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Why We Fall for Con Artists (and How to Be Con-Proof)

Maria Konnikova joins Savvy Psychologist to discuss the psychology of the con, how to make yourself less vulnerable, and why there's a perfect con out there for each of us.

By
Ellen Hendriksen, PhD,
November 3, 2017
Episode #176

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a wolf in sheep's clothing from the book cover of Maria Konnikova's Confidence Game

"Who me? I'd never fall for a con." We all believe ourselves to be con-proof. But con artists make suckers out of all of us.

Today, we are lucky to have with us Maria Konnikova, psychologist and author of not one, but two New York Times bestsellers. The first was the tantalizingly titled Mastermind: How to Think Like Sherlock Holmes. And her most recent, The Confidence Game: Why We Fall For It…Every Time was awarded the 2016 Robert P. Balles Prize for Critical Thinking. 

SP: Maria, thank you so much for being on the show.

MK: Thanks for having me.

SP: Sure! So I am really excited to talk to you about the psychology of the con. I’ll admit that I didn’t know that the term “con”—like con artist, con man, getting conned—is short for “confidence,” as in, “Do you have confidence in me?” "Do you trust me?" Because that’s what the con is based on: trust.  

Now, we all think we’re con-proof, that we could never be so gullible as to fall for a con. But you say that is exactly what makes us so vulnerable. So what about us—what about each of us makes us a good mark?

MK: Well, to back up a little bit, a lot of people have taken issue over time with the fact that I say that everyone is vulnerable. They say, “Well, I’m not vulnerable, or I’d never fall for that.” And I’m not saying that every single person is vulnerable to every single con. I’m saying that there’s a con out there for everyone.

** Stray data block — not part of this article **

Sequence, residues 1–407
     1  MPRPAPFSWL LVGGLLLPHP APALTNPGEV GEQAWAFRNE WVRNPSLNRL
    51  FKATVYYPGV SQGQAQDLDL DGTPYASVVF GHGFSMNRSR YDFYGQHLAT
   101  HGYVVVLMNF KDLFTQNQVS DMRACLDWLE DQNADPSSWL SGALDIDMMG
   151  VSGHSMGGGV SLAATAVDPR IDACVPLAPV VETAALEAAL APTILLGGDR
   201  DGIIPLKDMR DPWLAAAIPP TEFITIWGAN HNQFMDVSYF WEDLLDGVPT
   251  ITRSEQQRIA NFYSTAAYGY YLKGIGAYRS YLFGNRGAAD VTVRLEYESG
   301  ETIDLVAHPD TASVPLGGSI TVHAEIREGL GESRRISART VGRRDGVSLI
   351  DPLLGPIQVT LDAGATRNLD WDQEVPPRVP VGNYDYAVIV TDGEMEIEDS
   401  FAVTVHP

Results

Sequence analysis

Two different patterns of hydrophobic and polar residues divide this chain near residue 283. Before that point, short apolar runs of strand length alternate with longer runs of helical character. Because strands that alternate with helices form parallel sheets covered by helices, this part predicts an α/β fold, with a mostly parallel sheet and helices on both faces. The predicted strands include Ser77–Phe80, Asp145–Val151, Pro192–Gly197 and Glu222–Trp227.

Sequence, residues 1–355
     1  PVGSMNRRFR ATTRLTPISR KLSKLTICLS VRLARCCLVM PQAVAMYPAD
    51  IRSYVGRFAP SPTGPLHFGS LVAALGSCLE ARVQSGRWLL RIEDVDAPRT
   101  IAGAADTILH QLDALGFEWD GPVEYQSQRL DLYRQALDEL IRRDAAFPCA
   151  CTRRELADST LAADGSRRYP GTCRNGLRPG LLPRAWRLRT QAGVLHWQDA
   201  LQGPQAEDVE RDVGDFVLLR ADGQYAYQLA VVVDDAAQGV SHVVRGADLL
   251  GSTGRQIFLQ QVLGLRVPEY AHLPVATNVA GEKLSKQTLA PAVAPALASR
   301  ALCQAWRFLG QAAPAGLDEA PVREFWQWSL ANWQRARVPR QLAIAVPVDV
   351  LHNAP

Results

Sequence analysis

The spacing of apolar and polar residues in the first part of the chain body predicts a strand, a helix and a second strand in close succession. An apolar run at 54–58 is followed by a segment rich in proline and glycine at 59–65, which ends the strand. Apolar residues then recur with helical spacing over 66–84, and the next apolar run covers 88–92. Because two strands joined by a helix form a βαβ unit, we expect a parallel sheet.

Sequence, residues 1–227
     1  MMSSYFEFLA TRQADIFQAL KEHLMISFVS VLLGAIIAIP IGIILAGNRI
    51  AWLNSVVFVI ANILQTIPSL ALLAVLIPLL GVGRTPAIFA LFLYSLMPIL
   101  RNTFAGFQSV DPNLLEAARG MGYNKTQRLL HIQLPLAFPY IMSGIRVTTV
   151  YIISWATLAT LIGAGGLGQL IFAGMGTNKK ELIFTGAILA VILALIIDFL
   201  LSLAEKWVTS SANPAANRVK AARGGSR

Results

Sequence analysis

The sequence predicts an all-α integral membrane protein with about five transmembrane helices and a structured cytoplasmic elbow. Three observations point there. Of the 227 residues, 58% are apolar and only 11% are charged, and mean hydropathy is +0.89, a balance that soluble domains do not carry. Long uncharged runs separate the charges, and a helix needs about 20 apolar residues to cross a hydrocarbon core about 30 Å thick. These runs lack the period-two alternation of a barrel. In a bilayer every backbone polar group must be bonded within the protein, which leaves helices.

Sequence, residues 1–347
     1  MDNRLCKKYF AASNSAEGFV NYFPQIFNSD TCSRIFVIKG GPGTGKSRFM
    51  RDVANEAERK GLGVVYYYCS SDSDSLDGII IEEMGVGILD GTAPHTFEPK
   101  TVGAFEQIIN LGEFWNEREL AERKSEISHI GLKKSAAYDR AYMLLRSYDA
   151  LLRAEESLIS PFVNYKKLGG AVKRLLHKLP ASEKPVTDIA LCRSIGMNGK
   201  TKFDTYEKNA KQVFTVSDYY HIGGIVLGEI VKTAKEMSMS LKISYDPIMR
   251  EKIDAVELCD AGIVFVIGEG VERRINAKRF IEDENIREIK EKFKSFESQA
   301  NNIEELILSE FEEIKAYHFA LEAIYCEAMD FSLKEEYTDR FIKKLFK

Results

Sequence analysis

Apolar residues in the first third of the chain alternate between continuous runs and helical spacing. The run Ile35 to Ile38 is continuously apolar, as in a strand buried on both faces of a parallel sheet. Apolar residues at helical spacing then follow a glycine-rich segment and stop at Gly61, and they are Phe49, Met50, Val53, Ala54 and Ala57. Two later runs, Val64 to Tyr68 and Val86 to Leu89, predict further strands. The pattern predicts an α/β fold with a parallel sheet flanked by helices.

SP: There’s a lid for every pot.

MK: Exactly. And I think the reason that’s true is because we all have things we want to believe in. We all have our own versions of reality that we live in, and just to be clear, my version of reality is not the same as your version of reality.  So we all have slightly different viewpoints and interpret events in different ways, and neither one is objective reality. 

There’s the famous experiment where people observe a car accident and you get twelve different descriptions based on the twelve different people and it sounds like twelve different events. And I think that’s indicative of who we are.  So what con artists are really good at doing is figuring out what version of the world do you believe in? And how do I craft a story that will fit in with that reality? And that’s tapping into your individual psychology, your individual hopes, dreams, fears, insecurities, and that makes you vulnerable. 

And the reason I say that thinking yourself invulnerable actually makes you more vulnerable is that overconfidence can be a really big problem, because if you think that you’re not likely to be able to fall for a con, then you might get into all sorts of trouble. And con artists love that. There’s a quote that I use in my book from David Maurer who was a linguist and in 1940 wrote this brilliant book, The Big Con, and he writes that the New Yorker is the best sucker in the world because he fancies himself so wise. He’s just ready to be taken. And I love that. I think that really captures it. The wiser you think you are the better a mark you are because you’re just not going to see it coming. Who me? I’d never fall for a con.

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